This summer has been a bit of a running renaissance for me.
I got my latest start in running a little over two years ago, flew a bit too close to the sun back in January, crashed and burned at the beginning of the year and have been clawing my way back, clutching at gnarled roots and jagged cliffsides ever since. Today, I went for my first “relaxed” 10k run in more than a while, and I’m happy to say that I feel damn good afterward. But it’s not the run I want to talk about. Er, rather, it’s not the distance.
In trying to get myself out of the injured dumps, I’ve been running this summer with a mind toward becoming more complete: running more trails, especially, but also varying my workouts and working to stay healthy rather than just trying to spin the wheels on the odometer. I think it’s paying off, but more importantly, I think I’m really getting to enjoy my runs again, rather than facing each one with the fear that the next step is going to injure me again and set me back for a couple months.
This morning found me on the Atlanta Beltline, a series of paved “trails” that wend through and around downtown Atlanta. It’s been much-touted by colleagues of mine and runners I know in the area, but is one of those things I just hadn’t gotten around to doing (man, that’s a long list). Mainly I’ve avoided it because it doesn’t jive with my minimalist philosophy of running to drive half an hour just to go on a leisurely run; I prefer to just step out the door and go. But a facebook group of local runners scheduled the event for this morning; said group is composed of some folks I know from high school and some others I’ve not met yet, so it seemed a good time.
Just by the by, does anybody else have horrible luck when signing up for casual “events” on facebook? I’ve tried this one or two other times and everybody seems to bail at the last minute. You see where this is going. I pull up to the meeting spot at five minutes til the start time and I see a big smiling crowd of zero people. Yep, ten people signed up as “definitely going” and I was the only one. Except for my pal from high school, J. He hops out of his car and hits me with a warm grin and a hearty handshake and a “great to see you.” We chat for a few minutes about how pitiful it is that nobody else has slogged their butts out of bed on a Saturday (seriously, what are you doing that you can’t get up at 5:45 to go for a run??), then, after allowing enough time for any reasonable latecomers to show up, we’re off.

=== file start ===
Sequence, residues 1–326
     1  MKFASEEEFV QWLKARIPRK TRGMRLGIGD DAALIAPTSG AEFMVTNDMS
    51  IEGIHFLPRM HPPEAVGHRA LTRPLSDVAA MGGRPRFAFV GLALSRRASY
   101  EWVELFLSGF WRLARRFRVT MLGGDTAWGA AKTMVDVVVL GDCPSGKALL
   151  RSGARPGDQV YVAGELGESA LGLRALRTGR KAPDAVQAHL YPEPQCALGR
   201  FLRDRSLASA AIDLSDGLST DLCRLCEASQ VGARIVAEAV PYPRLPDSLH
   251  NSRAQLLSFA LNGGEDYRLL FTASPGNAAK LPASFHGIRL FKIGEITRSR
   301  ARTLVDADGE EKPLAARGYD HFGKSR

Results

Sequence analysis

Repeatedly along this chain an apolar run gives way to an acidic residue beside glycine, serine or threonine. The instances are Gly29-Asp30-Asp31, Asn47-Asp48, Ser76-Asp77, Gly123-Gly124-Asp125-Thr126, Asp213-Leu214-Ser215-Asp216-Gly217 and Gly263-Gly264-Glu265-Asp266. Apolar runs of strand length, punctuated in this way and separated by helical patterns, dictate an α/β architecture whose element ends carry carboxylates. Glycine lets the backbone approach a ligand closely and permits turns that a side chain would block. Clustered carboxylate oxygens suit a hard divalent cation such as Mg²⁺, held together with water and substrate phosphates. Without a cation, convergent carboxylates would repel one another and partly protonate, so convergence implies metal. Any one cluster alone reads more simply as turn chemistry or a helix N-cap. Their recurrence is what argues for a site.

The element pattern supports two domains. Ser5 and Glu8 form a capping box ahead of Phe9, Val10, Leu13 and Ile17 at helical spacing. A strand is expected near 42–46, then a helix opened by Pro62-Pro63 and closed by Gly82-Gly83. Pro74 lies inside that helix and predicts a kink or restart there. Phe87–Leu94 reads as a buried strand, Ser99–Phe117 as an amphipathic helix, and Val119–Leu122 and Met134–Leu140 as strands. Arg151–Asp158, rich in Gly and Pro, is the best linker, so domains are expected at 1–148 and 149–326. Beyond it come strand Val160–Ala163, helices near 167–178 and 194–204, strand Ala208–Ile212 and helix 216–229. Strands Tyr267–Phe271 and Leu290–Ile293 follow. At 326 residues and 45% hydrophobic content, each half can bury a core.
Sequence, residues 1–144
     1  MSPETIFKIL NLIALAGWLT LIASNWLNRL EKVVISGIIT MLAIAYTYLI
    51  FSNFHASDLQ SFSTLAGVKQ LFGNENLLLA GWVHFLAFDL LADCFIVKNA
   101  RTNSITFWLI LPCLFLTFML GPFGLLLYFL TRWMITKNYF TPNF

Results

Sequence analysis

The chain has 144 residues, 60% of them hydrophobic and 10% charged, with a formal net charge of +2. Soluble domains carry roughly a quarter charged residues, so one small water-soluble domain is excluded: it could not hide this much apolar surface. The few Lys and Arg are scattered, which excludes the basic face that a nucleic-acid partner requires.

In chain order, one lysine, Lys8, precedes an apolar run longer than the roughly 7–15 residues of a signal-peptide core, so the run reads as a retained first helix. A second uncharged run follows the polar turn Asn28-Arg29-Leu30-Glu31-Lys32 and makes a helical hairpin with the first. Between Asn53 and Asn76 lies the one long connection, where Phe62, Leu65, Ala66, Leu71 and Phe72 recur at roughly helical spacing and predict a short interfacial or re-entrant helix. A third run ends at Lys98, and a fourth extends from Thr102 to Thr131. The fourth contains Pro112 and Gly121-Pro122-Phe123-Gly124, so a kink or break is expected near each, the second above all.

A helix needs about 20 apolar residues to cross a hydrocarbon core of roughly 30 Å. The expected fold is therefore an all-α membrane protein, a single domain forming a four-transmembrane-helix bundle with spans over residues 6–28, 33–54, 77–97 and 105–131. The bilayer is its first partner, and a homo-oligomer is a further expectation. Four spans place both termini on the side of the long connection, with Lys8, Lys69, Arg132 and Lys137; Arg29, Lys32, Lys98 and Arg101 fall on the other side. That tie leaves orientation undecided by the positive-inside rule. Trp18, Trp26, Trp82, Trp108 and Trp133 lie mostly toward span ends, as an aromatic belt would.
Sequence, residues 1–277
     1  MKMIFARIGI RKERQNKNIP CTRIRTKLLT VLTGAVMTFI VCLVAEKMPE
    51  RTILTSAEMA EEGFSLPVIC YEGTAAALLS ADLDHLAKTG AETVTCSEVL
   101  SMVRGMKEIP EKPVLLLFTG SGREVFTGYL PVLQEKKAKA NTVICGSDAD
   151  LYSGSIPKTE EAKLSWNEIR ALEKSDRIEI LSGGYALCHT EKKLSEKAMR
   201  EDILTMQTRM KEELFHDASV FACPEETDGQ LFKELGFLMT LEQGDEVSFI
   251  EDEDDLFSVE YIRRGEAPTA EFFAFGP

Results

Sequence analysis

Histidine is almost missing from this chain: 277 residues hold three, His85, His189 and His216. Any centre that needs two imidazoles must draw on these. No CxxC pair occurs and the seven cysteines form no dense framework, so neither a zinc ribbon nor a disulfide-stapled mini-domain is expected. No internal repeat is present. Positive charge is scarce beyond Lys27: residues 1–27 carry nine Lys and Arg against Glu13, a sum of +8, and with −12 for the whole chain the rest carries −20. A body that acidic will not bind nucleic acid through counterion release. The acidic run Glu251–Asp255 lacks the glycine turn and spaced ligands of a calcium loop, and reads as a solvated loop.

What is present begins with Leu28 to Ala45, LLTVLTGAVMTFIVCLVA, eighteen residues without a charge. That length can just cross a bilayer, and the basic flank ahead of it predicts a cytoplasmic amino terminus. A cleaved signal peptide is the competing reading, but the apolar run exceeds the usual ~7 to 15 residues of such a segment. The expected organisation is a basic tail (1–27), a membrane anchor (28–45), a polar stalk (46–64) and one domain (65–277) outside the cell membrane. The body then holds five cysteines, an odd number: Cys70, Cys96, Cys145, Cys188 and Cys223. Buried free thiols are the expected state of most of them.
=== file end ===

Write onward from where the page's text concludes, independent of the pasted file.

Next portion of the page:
We set an easy pace — J’s a lot faster than me, but he’s logged a lot of miles this week and wants to relax a bit, and I’m a bit jangly over attempting my first six-miler since a race I ran (and probably overran, to be honest) a month ago. And my first six-miler ever in my Vibrams, for that matter.
A lot of people, when recounting their runs, like to give a breakdown of each mile, the highs and lows, the hills and the hurts, but that seems silly to me. I could no more recount each moment of a good run — let alone a good long run — than recount every bite of my breakfast this morning, and it wouldn’t be good reading besides. (Now, whether the alternative makes for good reading…)